Sad & lonely with the loss of their husbands, parting with Naomi seemed to intensify their grief. United in a common sorrow, the three women stood gazing in silence into each other’s faces, until Naomi, with her usual self-control & common sense, again pointed out to them all the hardships involved. Her words made a deep impression on Orpah. She hesitated & at last decided to abide by Naomi’s advice; but not Ruth.

Naomi had a peculiar magnetic attraction for Ruth, a charm stronger than kindred, country or ease. Her expressions of steadfast friendship in making her decision were so tender & sincere that they have become household words. She said: “Don’t ask me to leave you and turn back. Wherever you go, I will go; wherever you live, I will live. Your people will be my people, and your God will be my God.”

Having bade farewell to Orpah, they journeyed together & made a home for themselves in Bethlehem. Naomi owned a small house, on the outskirts of town. After a few days of rest, Ruth said to Naomi, I must not sit here with folded hands, or spend my time in visiting neighbors, or in search of amusement, but I must go to work, to provide food & clothes.

Since it was the season for the wheat & barley harvests, Ruth heard that laborers were needed in the fields. It was evident that Ruth believed in the dignity of labor & of self-support. She threw her whole soul into her work & proved a blessing to her mother.

Naomi remembered that she had a rich kinsman, Boaz, whose name means strength. Ruth was employed in the field of Boaz; & in due time he took note of the fair maiden from Moab.

In harvest time he needed many extra hands, & he came often among the reapers to see how the work went. He heard such good accounts of Ruth’s industry, dignity & discretion that he ordered his men to make her work as easy as possible, to leave plenty for her to glean & to carry home in the evening. This she often sold on the way, & bought something which Naomi needed.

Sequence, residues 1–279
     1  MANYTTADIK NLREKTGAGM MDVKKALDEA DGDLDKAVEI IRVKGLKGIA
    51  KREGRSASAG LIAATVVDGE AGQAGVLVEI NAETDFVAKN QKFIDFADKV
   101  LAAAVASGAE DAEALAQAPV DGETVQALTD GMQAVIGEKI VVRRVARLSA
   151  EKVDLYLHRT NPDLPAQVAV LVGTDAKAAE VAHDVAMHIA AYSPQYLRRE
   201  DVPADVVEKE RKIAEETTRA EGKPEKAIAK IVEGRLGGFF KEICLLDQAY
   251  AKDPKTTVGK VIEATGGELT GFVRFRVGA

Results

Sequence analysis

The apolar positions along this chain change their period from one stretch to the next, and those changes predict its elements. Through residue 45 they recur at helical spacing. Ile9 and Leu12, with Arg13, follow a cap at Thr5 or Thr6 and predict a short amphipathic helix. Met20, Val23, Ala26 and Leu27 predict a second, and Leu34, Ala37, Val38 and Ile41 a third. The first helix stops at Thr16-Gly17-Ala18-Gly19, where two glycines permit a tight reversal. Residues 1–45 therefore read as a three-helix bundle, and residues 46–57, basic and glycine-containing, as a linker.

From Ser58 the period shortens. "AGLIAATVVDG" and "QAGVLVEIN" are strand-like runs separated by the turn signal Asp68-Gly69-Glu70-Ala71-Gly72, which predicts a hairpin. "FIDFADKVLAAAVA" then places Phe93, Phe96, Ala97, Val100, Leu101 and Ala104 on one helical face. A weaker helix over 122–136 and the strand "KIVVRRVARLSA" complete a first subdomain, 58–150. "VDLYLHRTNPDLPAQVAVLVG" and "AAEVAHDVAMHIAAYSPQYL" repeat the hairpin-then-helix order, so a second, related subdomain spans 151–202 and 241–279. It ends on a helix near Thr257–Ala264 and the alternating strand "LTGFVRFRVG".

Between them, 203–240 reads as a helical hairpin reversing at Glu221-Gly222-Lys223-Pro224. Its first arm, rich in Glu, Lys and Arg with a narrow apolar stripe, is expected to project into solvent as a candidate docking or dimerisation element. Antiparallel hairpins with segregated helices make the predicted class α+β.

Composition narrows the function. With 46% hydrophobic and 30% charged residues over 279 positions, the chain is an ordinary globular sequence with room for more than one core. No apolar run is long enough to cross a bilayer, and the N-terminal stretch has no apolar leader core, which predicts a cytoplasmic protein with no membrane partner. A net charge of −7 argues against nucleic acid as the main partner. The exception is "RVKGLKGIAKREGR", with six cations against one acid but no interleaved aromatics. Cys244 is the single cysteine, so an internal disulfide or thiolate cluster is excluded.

Naomi & Ruth enjoyed their evenings together. Naomi did not spend the day in idleness either. She had her spinning-wheel & loom to make their garments; she worked also in her garden, raising vegetables, herbs & chickens; & they talked over their day’s labor as they enjoyed their simple supper of herb tea, bread & watercress. Their menu was often made more tempting, thanks to Ruth’s generous purchases on her way home.

Boaz was the son of Salmon & Rahab, & according to the Chaldee, was not only a mighty man in wealth but also in wisdom, a most rare & excellent conjunction. Boaz was of the family of Elimelech, of which Ruth, by marriage, was a part also. Since Ruth had adopted the country of Naomi & was a proselyte to her faith, her marriage with Boaz was in accordance with Jewish custom. Boaz prized Ruth for her virtues, for her great moral qualities of head & heart.

Naomi was told by the spirit of prophecy, that from Ruth’s line should descend the most righteous men of the age, namely, David, Daniel, & the King Messiah.

In due time the prayer was answered, & Ruth bore a son. Naomi loved the child & shared in its care. But Ruth said: “The love of Naomi is more to me than that of seven sons could be.” Naomi was a part of Ruth’s household to the day of her death & shared all of her luxuries & happiness.

The child’s name was Obed, the father of Jesse, the father of David. The name Obed signifies one who serves. (The motto of the Prince of Wales is ich dien – “I serve.” )

On Shavuot, folks light candles, decorate with greenery, eat dairy food, study Torah, attend prayer services, & read the Book of Ruth.

Tomorrow we return to our study of St. John’s Tide

Until soon

Blessings and Peace ~Hazel Archer Ginsberg